DISCIPLINE. One of the most frequent questions I get asked is, “How do I know when to leave?” This is a common dilemma for many players. Follow these simple guidelines and you will never have that problem again. First, set a time limit and don’t exceed it, no exceptions. Secondly, if the game is good and you are playing your best, regardless of whether you are winning or losing, keep playing until you’ve reached your time limit. On the other hand, if you are in a bad game, get up and wait for another game or just go home, playing for the sake of playing is foolish. As a pro your goal now is to win, not to play. As soon as you see a deterioration of your game it is time to leave, whether you’ve been there for two hours or two minutes. We are not machines, we are human and we have emotions and moods. Some days we will be much sharper then other days. We will wake up and feel great, both physically and mentally. Some days we will wake up not feeling as good and we know in our minds that a poker room is not the place we should be. Recognize this and act accordingly, it is of the uproots importance. My greatest asset is that I always know where the door is. Other players can’t find it, the door keeps moving around on them. Starting today, always know where that illusive door is and use it.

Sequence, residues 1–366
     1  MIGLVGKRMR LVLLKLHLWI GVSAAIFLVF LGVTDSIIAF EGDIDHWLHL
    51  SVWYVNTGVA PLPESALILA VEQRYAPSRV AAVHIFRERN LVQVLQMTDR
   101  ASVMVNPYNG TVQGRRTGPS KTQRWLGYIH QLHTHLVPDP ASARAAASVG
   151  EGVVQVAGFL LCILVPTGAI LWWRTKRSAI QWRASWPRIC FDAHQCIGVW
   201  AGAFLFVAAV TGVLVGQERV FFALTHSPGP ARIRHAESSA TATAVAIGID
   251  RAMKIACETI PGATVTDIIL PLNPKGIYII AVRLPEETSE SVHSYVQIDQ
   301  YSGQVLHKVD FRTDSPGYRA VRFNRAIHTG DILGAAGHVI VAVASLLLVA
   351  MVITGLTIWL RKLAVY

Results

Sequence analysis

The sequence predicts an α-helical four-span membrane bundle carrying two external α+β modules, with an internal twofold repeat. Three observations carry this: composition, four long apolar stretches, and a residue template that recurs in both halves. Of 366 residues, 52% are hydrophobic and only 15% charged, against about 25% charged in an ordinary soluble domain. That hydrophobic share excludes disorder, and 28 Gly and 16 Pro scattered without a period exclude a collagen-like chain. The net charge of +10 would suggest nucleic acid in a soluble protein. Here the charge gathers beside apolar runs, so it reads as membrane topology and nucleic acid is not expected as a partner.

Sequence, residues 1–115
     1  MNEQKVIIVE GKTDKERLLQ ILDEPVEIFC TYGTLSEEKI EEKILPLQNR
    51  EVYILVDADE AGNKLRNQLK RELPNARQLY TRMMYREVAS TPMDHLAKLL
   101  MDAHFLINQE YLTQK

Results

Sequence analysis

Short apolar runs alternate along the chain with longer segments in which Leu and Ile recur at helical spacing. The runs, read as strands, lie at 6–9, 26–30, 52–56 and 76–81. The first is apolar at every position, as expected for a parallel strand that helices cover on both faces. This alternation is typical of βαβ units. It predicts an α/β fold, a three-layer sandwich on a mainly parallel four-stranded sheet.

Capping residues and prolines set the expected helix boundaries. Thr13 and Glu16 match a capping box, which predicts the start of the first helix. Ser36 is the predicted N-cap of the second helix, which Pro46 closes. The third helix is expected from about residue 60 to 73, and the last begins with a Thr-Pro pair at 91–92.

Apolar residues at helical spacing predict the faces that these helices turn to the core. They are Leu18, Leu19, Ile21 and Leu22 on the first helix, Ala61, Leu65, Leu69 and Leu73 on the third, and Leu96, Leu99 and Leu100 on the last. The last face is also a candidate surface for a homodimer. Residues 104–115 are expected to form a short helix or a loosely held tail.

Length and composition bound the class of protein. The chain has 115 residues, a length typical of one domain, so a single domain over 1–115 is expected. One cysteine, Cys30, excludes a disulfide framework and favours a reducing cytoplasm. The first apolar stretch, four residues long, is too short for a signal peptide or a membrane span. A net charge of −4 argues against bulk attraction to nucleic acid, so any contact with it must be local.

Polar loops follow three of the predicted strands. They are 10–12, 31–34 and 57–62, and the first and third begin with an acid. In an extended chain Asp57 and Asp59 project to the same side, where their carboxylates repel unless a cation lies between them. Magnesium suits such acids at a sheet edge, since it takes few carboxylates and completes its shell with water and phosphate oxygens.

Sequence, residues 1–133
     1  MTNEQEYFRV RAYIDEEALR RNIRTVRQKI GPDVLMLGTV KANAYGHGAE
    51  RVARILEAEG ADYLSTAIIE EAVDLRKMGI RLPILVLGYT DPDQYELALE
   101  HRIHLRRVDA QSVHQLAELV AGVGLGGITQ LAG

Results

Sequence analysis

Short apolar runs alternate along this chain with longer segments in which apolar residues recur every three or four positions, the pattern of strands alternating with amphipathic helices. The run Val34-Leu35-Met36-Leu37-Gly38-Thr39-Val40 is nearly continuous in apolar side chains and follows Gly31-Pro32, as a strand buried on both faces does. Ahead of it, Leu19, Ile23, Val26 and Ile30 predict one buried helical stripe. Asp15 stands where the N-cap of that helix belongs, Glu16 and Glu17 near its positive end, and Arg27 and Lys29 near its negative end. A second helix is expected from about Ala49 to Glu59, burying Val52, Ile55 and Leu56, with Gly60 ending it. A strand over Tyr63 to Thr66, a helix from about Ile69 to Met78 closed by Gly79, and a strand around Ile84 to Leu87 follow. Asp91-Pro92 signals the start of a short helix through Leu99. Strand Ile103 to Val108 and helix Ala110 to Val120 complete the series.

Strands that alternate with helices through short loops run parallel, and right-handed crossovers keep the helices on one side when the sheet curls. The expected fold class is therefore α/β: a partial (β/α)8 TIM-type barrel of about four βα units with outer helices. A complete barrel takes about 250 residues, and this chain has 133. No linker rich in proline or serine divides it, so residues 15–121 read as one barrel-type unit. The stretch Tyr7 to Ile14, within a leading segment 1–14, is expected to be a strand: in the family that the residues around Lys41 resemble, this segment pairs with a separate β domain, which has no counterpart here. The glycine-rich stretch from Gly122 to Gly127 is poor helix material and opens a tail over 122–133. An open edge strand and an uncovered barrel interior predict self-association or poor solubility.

ATTITUDE. A key component to being a pro. Make poker part of your life and not a way of life. Keep a positive frame of mind at all times regardless of whether you are winning or losing. Too many players are unapproachable when they are losing. You can sense it and see it in their demeanor. Appreciate other things this great world has to offer. Appreciate and respect other people. The individual that just put a bad beat on you may just be a child optometrist who has dedicated his career to helping infants see better. Think about that. There are many dedicated people who are determined to make this world a better place and poker is just a way of relaxing once a week or once a month. Never take your poker hardships out on anyone. Take your kids fishing or to a ball game. Donate money once a year to a charity. Tell your spouse or partner that you love them and make time for other things aside from poker. Poker is part of your life, don’t make it your life. If you do, your attitude and bankroll will suffer. Adversity does not build character, it reveals it.